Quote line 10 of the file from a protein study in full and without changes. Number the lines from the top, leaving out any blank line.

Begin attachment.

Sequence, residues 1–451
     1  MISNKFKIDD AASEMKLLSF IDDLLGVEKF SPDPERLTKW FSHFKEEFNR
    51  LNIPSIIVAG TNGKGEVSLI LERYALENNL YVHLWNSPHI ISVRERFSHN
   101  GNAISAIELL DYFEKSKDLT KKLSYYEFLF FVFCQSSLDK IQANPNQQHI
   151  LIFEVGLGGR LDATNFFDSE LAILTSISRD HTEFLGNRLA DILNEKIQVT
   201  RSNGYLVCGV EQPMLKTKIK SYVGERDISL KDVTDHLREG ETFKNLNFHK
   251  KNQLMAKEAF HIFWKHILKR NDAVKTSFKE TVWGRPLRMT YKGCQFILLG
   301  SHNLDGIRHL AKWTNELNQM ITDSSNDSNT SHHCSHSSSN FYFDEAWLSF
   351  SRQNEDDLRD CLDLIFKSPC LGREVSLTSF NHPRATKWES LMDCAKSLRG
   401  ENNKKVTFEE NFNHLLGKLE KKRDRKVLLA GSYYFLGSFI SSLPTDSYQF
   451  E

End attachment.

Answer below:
   401  ENNKKVTFEE NFNHLLGKLE KKRDRKVLLA GSYYFLGSFI SSLPTDSYQF